• Attorney Joe Culik

What is the North Carolina Business Court and Why Should My Business Dispute Be Decided There?

If you have a complex business dispute in North Carolina that needs to be taken to court, where do you file it? And, is there any way to avoid the problem of judges rotating into and out of your case, as happens in Superior Court?


The answer to both questions is “yes.” Some business owners may not know it, but there is a special session of the North Carolina court system called the Business Court. It is set up specially to make litigation of complex business matters more efficient.

Cases eligible to be filed with the Business Court are those that involve more complicated business issues. Some of the types of issues making a case eligible for the Business Court are those involving corporate law, securities, trademarks, intellectual property, antitrust law, or where the amount in dispute is at least $1 million. The case can typically meet any one of these criteria.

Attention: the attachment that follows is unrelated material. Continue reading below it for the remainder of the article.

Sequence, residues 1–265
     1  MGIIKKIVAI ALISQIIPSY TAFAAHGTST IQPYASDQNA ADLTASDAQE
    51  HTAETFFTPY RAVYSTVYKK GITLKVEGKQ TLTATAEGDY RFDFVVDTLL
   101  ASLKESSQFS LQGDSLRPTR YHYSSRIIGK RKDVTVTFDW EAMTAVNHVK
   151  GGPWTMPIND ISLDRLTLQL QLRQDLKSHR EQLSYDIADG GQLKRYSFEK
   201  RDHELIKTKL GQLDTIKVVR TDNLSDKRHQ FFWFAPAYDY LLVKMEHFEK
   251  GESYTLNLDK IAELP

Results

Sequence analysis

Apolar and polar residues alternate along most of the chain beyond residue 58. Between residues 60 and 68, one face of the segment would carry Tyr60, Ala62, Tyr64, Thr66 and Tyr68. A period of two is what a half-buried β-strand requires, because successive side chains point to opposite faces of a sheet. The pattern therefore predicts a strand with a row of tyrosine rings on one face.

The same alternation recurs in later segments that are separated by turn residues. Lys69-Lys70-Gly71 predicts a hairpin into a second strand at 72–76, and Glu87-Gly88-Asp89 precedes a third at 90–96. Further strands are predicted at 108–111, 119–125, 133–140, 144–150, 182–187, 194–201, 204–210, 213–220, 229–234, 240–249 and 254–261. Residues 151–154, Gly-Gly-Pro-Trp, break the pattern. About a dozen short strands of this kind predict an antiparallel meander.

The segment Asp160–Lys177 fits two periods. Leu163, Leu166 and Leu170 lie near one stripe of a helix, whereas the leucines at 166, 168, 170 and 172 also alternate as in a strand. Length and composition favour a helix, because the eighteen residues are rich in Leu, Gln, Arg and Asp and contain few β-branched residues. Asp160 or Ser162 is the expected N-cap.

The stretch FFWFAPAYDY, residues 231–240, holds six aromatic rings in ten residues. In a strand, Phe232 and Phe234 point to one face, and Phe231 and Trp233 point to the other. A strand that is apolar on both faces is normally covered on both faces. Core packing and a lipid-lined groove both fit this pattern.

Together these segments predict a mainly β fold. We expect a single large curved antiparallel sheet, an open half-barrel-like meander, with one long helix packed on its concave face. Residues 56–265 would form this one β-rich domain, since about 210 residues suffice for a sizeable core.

Business Court judges deal almost exclusively with business cases. This makes Business Court the ideal forum for business owners, entrepreneurs, and franchisees who seek an attentive consideration of their issues.


To request assignment to Business Court, the plaintiff has to make a request when filing the complaint. If the plaintiff does not do so, then the defendant has 30 days to request. If the request is not timely made, the case will probably be handled in the Superior Court.


After your case has been accepted by the Business Court, it the Chief Judge assigns the case to a particular Business Court Judge. This judge will usually remain with the case the entire time it is pending. In contrast, in Superior Court, judges rotate, usually every six months, requiring attorneys to educate each new judge about the issues, and potentially leading to conflicting decisions. The Business Court avoids these problems.


If you have a business dispute, contact Fairview Law to see whether your case might be eligible to be heard in Business Court.


Fairview Law represents business owners, franchisees, entrepreneurs, and start-ups in complex business issues, anything from starting a business to litigating complex business cases. See how we can help your business succeed.

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